Since the majority of Catholics seem repulsed by Rick "Frothy Mix" Santorum's
extreme version of Catholicism (a majority of Catholics support same sex marriage and a vast majority support the use of contraception), Santorum
has been forced by default to seek the support of Kool
-Aid drinking Protestant evangelical voters. The trouble is that (i) there are not enough of these loonies to elect him and (ii) the Christian Right is viewed negatively by the vast majority of non-Kool
-Aid drinkers. Thus, Santorum
has huge obstacles to overcome. Once again, I surprisingly find something to agree with in a new column by far right Michael Medved
in The Daily Beast
that notes the toxicity of evangelical Christians to most Americans. Here are some highlights:
As the GOP contenders try to recalibrate their campaigns in the wake of Super Tuesday, it ought to be obvious that Mitt Romney’s undeniable “Southern Problem” represents a far less serious challenge to his ultimate success than Rick Santorum’s deep difficulties with the 74 percent of the country that rejects the label “white, evangelical Christian.”
[I]f Senator Santorum somehow defied the odds and led the GOP ticket in the fall, he’d only amplify his current failure to build support in any electorate not dominated by born-again voters.
Ed Kilgore of the New Republic points out that five Southern states have voted so far, selecting a total of 258 delegates to the national convention, and Romney has won at least 115 of them, giving the lie to the notion that he enjoys no support in Dixie.
Moreover, none of the Southern states where Romney lost to Santorum or Gingrich represents a significant battleground for the fall campaign; any Republican should easily prevail against Barack Obama in South Carolina, Georgia, Tennessee, and Oklahoma.
The crucial Southern swing states are those that McCain actually lost (Virginia and North Carolina) and nearly lost (Missouri)—and all three battlegrounds abound in the well-educated big city and suburban voters that connect most reliably with Romney and present profound problems for Rick Santorum.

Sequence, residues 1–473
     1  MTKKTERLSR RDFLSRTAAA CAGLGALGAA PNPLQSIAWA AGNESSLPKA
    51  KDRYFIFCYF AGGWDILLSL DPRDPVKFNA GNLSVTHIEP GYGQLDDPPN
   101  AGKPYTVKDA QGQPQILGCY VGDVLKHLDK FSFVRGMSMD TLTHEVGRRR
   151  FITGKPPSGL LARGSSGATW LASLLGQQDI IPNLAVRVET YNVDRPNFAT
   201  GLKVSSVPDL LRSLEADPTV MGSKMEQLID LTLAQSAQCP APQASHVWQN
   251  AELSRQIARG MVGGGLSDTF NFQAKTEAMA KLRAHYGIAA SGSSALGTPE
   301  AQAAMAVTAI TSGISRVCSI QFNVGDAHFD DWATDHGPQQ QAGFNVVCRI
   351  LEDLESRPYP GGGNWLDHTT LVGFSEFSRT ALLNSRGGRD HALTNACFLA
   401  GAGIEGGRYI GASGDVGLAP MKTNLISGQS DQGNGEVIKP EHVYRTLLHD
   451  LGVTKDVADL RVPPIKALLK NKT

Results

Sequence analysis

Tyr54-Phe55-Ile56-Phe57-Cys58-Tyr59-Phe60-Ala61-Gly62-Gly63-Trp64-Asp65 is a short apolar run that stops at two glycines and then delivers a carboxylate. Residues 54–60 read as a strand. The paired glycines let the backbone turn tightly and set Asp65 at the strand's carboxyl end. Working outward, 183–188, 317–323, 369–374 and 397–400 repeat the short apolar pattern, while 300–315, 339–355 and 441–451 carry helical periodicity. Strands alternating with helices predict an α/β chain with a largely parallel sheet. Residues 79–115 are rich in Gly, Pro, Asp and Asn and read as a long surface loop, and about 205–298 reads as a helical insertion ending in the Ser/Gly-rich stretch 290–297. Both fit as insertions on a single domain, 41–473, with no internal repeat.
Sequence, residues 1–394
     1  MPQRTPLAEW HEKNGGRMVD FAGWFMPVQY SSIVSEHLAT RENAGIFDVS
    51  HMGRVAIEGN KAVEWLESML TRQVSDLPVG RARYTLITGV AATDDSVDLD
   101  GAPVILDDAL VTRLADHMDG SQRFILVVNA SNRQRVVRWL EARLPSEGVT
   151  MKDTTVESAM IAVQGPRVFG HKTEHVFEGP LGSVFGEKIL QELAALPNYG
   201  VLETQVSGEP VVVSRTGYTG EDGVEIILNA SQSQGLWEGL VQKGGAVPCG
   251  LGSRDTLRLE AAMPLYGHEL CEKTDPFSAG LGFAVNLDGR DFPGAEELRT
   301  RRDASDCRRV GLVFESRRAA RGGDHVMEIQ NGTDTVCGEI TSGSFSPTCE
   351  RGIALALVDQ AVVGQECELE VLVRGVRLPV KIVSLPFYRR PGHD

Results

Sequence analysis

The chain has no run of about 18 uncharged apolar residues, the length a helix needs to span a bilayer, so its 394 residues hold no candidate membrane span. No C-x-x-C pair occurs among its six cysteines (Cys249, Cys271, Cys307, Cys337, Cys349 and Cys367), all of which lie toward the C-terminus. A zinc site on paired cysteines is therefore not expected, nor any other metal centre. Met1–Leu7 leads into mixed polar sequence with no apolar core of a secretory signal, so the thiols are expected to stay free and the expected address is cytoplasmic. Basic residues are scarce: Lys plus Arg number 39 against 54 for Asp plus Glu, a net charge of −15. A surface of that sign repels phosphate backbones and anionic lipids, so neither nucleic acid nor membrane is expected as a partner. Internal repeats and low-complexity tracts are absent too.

The biggest obstacle to Rick Santorum’s general election success would be his consistent inability to gain traction in any electoral struggle not dominated by self-described “White evangelical/born-again Christians.” These voters represented 56 percent of the total caucus participants in Iowa, 74 percent in the Oklahoma primary, and 72 percent in Tennessee—the sites of Santorum’s three most significant victories to date. In Iowa, typically, he beat Romney by more than 2 to 1 among this majority of deeply committed Christians, but lost everyone else by nearly 3 to 1—producing a virtual tie with Romney. . . . On the far more significant issues of “the economy” and “the budget deficit” (selected by a combined 76 percent as top issues), Romney won decisively.
The point is that in major upcoming primaries (Illinois, New York, New Jersey, Maryland, California) Santorum will face a far less evangelical electorate than in the states in which he previously prevailed, and in the general election Democrats and independents will naturally flood the polling places, diluting the influence of Christian conservatives still further. With three quarters of overall voters telling exit pollsters they don’t consider themselves white born-again Christians, Santorum would somehow need to build support with religious groups he’s lost badly in the campaign so far. Even among his fellow Catholics, the former senator loses repeatedly to Romney (and to Gingrich), and with growing numbers of unaffiliated secularists (now estimated as 15 percent of the overall population) he fares much worse.
Santorum may attempt to emphasize economic issues over cultural concerns in a conscious effort to broaden his base, but it’s too late to change the distinctly religious nature of his campaign. . . . when the battle moves to less religiously committed corners of the country (especially in the fall campaign) his drive for the presidency will hit a wall—if not the traditional barrier separating church and state that he so energetically despises, then at least an impassable road block dividing his dreams of power from obvious political reality.
I believe that Medved's analysis is on target- even if he and I disagree on pretty much everything else - and that Rick "Man on Dog" Santorum's religious extremism will ultimately be the death of his campaign.